And it is also Microsoft now, as the bug is in Microsoft’s System Info utility. Microsoft acknowledges that there is an issue with that utility, but has not fixed it, and not said if they will fix it. (Which since it’s been bugged since Vista, will likely NOT fix it.)
Darned if you do, darned if you don’t.
In most software revision cycles, there comes a time when the code must be frozen, in order to meet some management rollout target date. So, sometimes, things do not get fixed, in time for release.
This happened here. What was done, (for release) in response to the MS utility error, was to relax that graphics memory requirement, in SketchUp’s startup cycle (which uses a subset of the Checkup code.)
But it was too late for the Checkup utility, to be fixed.
It is not. The issue has been logged. But, as is usual, after the main SketchUp release in November, most of the team goes on vacation, after busting their butts all summer long.
The serious work on the major maintenance release(s) usually begins after the new year holiday break, and comes sometime in late January or in February. (Even though, this cycle, we got a quick first MR, released soon after the initial v17 release.)
This is how it has always worked since Trimble took over and the cycle gradually settled on a November release with versions 2013 through 2015.
So, expect ongoing maintenance, like any software utility.
Just FYI, I did a search and found a Microsoft page that gives sample code for getting graphics driver information direct from a WDDM (Windows Display Driver Model) compliant driver, using one of the Direct-X graphics libraries. I gave this information to the team member responsible, and he added the link for this MS example, to the issue ticket. (But this information was found too late to affect the released utility.)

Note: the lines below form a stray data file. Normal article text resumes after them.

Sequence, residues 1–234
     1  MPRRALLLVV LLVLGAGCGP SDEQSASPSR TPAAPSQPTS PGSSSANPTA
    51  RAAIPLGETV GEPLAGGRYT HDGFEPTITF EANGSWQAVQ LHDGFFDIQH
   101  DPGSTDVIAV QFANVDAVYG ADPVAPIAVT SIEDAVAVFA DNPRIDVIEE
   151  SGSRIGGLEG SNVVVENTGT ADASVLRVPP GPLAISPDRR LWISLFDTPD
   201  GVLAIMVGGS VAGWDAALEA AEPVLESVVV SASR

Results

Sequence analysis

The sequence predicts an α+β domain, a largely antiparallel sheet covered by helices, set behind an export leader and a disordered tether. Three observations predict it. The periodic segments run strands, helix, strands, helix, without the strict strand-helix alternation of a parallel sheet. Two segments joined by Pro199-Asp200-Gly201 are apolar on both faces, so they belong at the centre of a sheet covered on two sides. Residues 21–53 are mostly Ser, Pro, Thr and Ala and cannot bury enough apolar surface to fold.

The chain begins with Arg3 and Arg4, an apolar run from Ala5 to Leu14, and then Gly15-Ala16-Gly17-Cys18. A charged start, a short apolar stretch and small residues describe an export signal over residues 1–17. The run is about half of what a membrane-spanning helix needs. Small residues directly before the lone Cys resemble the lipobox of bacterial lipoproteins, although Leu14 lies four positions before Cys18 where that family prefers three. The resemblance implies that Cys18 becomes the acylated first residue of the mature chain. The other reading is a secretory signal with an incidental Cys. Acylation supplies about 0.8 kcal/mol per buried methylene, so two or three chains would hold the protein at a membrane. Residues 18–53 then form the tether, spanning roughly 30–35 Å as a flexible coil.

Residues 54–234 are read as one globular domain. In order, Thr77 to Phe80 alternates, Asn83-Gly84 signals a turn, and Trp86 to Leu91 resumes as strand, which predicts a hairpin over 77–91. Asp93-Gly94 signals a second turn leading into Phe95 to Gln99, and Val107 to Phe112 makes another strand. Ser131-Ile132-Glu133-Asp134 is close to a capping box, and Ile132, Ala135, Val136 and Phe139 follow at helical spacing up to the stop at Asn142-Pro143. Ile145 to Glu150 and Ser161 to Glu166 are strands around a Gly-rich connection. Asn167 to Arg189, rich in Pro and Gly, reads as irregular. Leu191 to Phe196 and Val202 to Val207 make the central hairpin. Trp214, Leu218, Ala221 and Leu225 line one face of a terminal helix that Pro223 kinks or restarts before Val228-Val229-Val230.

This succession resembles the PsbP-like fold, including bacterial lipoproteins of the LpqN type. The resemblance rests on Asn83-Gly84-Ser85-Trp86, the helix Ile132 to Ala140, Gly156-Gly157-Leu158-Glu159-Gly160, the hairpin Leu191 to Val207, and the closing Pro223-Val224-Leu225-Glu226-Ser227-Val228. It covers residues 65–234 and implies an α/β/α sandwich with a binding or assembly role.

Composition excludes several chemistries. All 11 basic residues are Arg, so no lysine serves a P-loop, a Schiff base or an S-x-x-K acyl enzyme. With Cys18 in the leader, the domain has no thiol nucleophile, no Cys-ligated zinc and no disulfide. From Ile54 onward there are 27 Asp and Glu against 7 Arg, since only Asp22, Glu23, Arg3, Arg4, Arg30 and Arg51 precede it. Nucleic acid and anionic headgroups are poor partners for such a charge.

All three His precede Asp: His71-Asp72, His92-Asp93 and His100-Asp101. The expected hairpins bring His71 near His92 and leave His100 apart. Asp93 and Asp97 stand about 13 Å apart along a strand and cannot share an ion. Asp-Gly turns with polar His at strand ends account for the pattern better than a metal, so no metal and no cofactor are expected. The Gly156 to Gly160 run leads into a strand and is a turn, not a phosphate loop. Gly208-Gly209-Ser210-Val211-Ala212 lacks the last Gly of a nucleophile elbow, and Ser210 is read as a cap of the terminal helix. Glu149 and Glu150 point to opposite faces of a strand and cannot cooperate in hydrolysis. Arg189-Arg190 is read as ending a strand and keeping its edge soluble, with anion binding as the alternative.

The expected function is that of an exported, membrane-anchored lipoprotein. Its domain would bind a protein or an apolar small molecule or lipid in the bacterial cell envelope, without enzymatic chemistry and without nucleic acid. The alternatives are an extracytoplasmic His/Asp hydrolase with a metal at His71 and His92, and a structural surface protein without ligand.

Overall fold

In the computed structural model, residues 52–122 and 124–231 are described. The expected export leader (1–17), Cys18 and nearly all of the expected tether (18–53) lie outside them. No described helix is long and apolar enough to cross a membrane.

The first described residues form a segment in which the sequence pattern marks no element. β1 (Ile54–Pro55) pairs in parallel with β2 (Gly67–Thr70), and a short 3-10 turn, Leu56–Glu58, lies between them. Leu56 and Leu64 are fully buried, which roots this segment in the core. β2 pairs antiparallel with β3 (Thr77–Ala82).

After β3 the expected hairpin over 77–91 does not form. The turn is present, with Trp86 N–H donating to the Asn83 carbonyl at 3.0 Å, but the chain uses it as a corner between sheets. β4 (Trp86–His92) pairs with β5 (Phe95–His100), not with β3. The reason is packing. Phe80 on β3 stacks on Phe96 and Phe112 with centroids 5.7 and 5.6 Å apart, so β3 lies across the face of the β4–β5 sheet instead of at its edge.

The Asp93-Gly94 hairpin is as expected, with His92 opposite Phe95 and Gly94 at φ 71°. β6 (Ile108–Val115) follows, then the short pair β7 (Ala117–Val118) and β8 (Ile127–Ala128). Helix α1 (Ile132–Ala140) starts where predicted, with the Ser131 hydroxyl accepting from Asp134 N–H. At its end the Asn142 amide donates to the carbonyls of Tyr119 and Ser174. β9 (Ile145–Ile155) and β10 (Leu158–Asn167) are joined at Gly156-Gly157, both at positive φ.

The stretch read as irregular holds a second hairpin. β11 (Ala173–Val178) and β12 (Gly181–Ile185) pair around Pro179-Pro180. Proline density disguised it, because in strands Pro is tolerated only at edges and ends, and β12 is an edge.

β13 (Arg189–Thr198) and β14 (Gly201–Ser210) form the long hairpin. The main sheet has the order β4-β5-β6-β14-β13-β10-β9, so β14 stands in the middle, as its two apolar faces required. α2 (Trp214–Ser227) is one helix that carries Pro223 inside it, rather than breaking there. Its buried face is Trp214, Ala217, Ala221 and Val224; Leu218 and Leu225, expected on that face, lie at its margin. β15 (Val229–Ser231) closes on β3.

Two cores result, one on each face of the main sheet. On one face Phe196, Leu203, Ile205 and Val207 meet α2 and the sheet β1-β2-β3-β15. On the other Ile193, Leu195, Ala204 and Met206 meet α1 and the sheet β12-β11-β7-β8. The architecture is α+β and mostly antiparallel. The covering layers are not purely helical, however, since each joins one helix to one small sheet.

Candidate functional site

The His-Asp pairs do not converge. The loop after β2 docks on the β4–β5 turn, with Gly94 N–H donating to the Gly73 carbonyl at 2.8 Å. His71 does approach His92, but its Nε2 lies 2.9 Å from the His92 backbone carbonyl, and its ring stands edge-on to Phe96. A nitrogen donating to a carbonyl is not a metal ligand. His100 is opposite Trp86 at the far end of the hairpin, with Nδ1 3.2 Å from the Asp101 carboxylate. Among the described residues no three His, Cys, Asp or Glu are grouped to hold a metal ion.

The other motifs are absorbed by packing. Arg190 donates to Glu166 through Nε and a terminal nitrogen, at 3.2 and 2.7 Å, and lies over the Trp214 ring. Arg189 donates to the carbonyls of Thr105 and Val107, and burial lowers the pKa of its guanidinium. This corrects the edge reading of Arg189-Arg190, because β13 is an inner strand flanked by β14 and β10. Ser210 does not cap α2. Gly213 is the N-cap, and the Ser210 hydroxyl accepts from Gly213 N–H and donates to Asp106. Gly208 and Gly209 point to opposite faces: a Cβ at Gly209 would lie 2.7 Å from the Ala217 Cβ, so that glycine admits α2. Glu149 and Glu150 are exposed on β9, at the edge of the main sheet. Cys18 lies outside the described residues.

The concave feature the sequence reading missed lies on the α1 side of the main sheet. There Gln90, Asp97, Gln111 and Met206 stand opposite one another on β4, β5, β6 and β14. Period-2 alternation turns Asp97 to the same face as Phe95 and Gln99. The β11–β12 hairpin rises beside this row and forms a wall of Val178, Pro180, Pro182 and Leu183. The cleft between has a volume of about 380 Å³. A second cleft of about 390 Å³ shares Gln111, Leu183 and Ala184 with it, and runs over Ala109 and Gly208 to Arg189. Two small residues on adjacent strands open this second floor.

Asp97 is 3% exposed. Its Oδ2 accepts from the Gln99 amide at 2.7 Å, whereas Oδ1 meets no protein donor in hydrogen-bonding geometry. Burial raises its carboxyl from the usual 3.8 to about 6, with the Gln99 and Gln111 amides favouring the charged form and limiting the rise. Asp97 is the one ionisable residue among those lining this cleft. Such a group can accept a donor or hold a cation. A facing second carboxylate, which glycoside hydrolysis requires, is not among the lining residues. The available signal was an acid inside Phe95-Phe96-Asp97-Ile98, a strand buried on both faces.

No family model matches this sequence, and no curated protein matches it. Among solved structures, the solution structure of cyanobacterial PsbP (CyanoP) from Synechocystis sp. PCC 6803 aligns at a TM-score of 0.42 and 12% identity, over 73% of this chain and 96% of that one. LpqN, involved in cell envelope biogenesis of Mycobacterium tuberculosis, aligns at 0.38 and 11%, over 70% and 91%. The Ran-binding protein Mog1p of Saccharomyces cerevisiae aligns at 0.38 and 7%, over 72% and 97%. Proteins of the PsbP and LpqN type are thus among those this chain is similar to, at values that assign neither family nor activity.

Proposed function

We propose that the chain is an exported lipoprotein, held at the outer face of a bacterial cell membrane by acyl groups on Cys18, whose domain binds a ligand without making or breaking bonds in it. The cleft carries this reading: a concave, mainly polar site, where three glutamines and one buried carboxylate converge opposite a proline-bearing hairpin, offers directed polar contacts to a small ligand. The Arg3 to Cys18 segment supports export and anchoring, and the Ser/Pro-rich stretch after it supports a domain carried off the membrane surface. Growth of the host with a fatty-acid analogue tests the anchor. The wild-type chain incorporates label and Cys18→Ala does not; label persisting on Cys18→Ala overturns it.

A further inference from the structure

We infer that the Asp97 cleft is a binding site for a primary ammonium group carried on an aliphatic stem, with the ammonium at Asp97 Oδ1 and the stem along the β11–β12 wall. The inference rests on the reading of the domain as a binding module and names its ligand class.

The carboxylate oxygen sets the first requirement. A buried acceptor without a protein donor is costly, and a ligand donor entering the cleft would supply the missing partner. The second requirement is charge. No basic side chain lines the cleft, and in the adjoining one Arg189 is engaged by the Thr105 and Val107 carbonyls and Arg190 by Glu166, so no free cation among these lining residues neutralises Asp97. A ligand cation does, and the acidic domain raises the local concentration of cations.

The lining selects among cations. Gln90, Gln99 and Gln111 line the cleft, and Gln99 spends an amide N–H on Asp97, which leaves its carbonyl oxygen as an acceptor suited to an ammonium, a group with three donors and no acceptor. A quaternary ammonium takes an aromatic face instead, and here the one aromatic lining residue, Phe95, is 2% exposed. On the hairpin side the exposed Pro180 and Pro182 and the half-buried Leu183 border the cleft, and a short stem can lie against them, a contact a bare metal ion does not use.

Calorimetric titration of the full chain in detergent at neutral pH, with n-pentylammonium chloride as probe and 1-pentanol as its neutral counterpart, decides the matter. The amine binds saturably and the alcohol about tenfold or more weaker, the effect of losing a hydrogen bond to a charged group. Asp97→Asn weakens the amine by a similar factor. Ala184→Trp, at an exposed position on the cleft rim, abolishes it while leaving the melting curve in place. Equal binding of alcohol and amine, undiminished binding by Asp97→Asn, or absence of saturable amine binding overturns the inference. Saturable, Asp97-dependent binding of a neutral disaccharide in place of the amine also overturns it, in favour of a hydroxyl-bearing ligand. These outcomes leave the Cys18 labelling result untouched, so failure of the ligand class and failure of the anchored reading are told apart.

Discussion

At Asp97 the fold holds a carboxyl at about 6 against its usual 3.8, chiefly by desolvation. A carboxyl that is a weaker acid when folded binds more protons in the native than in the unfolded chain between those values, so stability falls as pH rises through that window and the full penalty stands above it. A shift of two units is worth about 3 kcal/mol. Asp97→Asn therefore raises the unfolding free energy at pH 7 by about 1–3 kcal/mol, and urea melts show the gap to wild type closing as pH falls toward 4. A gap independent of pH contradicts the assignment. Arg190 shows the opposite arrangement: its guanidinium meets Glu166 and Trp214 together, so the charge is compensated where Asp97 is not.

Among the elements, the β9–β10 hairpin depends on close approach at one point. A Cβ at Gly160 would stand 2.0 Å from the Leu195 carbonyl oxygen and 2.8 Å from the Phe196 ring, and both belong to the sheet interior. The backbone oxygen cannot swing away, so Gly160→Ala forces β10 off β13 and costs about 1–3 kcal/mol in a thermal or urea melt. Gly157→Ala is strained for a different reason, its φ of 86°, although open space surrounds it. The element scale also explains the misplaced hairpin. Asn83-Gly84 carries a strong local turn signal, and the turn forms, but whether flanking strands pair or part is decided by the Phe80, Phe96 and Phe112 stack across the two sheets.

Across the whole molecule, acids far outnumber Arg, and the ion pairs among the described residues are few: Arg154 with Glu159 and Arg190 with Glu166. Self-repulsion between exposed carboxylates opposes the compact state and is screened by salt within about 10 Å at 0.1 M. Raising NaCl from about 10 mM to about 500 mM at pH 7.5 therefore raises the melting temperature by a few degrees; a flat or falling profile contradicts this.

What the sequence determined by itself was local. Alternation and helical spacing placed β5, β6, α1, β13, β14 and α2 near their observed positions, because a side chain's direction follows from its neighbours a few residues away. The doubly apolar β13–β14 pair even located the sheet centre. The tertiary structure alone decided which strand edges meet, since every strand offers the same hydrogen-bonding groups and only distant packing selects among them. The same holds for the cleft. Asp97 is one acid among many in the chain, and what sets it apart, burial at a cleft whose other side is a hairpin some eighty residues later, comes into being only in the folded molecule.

So, we’d hope that in the next month or two, a revision will be released, that fixes this, and other open issues (UI readability, etc.)
Because, the consumers in most western countries, have allowed and somewhat expect, that products (especially software) to have flaws right “out-of-the-box.”
So, partly it is the consumers fault, and partly the fault of western product managers and marketing, and well partly “Mr. Murphy’s” fault.
(Playing devil’s advocate here,…) IF they had NOT released a check utility, and instead forced users to go through a technical online document that explained the more stringent requirements for SketchUp 2017, … what would have happened ?
Most people would not have thoroughly read the document, nor even if they did, understood whether their system met the requirements. (We get this now from people who do not know that the utility exists. They do not read the requirements page, or know what it means with respect to their own system. They just waste the time downloading the full application and attempting to install it on sub-par systems.)
So, … they’d have been bitchin’ for a utility that checked their system anyway.
In conclusion, does anyone LIKE the fact that the utility is currently partly flawed ?
I think not.